Edge of Terrorism
|George Friedman||August 22nd 2011|
|Al Qaeda chief Ayman al-Zawahiri|
A series of coordinated attacks occurred on August 18 along Israel’s border with Egypt. While each attack was relatively small, the incidents indicate some degree of coordination among the attackers. Israeli Defense Minister Ehud Barak attributed the attacks to elements emanating from the Gaza Strip, while Israel Defense Forces (IDF) tactical reports stated that the attacks had been launched from across Israel’s border with Egypt along the Sinai peninsula. No one has yet claimed responsibility.
Israel has plenty of experience in dealing with threats from militants in Gaza. In response, Israel often conducts preemptive as well as retaliatory airstrikes using real-time intelligence. In addition, whenever things appear to be getting out of control, the IDF conducts a major ground offensive. Read more ..
Morocco on Edge
|Kassem Bahaji||August 22nd 2011|
|Credit: Donar Reiskoffer|
Two distinct politico-religious movements emerged in Morocco in the 1960s and 1980s. The first was a radical movement, which was confronted by the government, forcing it to break up, change, and adapt. The second was characterized by its confrontational and inflexible stance vis-à-vis the status quo. Thus, while the former became integrated at the expense of its early radical glamour, the latter remained adamant in refusing to become integrated in the political system. Despite the popularity of both movements, their efforts to attract new recruits remain limited since most ordinary Moroccan Muslims do not want to mix religion and politics.
Since its inception in late 1960s, the Islamist movement in Morocco has been growing—especially on university campuses—and has been dominated by two distinct currents. The two tendencies present different perspectives on political activism and thus reflect distinct political cultures. Read more ..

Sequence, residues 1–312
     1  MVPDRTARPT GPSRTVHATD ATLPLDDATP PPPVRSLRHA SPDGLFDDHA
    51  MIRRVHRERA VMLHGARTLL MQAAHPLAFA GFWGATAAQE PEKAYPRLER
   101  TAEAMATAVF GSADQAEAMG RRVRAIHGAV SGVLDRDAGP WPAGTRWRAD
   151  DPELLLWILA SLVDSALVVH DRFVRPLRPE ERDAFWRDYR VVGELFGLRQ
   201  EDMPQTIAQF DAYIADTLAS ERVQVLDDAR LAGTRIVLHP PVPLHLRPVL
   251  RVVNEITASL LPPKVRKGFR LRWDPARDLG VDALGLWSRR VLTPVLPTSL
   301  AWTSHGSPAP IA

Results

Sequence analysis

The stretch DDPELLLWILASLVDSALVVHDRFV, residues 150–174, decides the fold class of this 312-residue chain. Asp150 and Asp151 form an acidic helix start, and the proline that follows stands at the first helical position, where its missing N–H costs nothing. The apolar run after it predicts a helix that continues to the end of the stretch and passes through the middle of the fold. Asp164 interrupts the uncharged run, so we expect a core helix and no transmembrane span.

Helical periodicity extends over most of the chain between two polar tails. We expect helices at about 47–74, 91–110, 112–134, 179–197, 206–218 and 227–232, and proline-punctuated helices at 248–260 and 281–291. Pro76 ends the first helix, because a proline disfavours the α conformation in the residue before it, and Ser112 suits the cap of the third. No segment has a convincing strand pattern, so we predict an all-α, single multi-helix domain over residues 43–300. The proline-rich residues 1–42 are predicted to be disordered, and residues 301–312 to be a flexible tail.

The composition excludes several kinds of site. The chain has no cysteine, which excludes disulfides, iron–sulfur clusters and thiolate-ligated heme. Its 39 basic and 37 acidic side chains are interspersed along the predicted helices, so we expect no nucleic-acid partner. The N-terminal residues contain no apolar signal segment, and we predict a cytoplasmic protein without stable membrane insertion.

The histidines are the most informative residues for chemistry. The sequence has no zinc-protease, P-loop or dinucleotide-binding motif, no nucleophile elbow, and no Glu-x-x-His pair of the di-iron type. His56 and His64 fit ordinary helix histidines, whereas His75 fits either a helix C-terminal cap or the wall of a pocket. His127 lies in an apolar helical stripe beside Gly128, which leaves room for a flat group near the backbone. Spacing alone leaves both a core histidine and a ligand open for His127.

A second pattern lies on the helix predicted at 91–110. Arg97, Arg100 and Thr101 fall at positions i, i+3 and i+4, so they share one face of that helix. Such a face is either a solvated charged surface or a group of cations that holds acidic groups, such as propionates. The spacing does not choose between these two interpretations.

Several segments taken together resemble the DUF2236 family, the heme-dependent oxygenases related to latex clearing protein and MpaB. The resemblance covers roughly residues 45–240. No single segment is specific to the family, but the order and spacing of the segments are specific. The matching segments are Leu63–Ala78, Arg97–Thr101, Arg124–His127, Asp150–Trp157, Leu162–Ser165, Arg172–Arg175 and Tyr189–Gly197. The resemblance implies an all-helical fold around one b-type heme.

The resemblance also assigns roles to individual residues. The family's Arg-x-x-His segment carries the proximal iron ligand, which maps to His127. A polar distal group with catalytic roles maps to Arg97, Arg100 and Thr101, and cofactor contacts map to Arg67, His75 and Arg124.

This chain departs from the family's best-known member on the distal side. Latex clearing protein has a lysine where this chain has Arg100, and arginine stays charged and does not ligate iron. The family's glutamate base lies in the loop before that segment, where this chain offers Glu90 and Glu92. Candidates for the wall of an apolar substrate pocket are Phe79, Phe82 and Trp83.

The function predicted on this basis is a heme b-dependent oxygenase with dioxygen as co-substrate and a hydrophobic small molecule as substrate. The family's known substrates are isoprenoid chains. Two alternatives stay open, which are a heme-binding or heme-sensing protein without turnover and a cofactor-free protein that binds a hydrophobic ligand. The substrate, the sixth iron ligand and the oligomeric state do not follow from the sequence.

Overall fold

|Scott Stewart||August 22nd 2011|
It is summer in Juarez, and again this year we find the Vicente Carrillo Fuentes organization (VCF), also known as the Juarez cartel, under pressure and making threats. At this time in 2010, La Linea, the VCF’s enforcer arm, detonated a small improvised explosive device (IED) inside a car in Juarez and killed two federal agents, one municipal police officer and an emergency medical technician and wounded nine other people. La Linea threatened to employ a far larger IED (100 kilograms, or 220 pounds) if the FBI and the U.S. Drug Enforcement Administration (DEA) did not investigate the head of Chihuahua State Police intelligence, whom the VCF claimed was working for the Sinaloa Federation.
La Linea did attempt to employ another IED on Sept. 10, 2010, but this device, which failed to detonate, contained only 16 kilograms of explosives, far less than the 100 kilograms that the group had threatened to use. Read more ..
Algeria on Edge
|Muzaffer Ercan Yilmaz ||August 22nd 2011|
An analytical discussion is needed on the religious opposition in Algeria, exploring the conditions and conflict-prone effects of the movement. Through historical analysis, we see that the Islamist opposition in Algeria is to some extent value-driven, but it is mostly a reaction to undesirable local conditions, especially economic distress, widespread poverty, and unjust distribution of national wealth. Thus, the article suggests that positive actions be taken to deal with these issues if the religious opposition is to be successfully managed in Algeria.
One of the clearest aspects of the post-Cold War era is the rise of religion as a social and political movement around the globe, and, by extension, the growing number of religiously-driven conflicts. This trend appears to be more evident in the Middle East, although it is not limited to this particular region. The secular governments in the Middle East have been frequently challenged, sometimes quite seriously, by Islamist oppositions that want to establish a state based on religious rules. The clash between government forces and militant Islamists often resulted in severe casualties, in which many innocent people, foreigners, as well as fighting sides themselves became victims.